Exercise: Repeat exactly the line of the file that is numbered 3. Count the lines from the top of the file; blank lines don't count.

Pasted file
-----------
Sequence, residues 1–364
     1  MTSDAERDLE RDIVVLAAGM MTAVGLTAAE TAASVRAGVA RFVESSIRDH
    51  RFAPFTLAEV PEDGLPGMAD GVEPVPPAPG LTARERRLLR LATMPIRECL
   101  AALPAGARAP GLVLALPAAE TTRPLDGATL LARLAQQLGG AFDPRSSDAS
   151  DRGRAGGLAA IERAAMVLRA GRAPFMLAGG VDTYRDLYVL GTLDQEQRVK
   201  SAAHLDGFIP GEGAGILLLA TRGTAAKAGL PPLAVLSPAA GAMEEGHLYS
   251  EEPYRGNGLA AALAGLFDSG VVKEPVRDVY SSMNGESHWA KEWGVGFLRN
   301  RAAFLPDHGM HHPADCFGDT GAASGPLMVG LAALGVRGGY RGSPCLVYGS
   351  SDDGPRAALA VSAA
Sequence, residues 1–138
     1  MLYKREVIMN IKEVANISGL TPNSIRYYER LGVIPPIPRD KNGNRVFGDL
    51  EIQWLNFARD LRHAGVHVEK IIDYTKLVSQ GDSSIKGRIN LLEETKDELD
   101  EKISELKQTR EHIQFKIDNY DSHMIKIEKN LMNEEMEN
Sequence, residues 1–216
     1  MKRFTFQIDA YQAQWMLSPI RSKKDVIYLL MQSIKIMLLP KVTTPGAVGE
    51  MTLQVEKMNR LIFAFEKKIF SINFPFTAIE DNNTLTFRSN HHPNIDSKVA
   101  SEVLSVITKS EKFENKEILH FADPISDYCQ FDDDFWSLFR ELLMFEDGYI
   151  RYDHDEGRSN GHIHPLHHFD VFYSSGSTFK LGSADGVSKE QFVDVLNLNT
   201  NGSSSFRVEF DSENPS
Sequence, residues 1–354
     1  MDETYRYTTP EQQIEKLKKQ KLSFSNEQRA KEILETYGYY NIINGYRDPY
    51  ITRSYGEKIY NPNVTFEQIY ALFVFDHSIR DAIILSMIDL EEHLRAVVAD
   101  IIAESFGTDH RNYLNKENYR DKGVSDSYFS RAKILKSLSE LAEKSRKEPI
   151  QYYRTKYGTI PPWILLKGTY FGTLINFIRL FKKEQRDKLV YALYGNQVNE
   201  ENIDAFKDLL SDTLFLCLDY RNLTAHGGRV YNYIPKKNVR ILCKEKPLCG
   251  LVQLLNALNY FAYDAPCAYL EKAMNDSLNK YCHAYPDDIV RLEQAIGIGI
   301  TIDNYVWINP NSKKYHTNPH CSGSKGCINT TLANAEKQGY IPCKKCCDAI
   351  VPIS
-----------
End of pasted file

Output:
    51  RFAPFTLAEV PEDGLPGMAD GVEPVPPAPG LTARERRLLR LATMPIRECL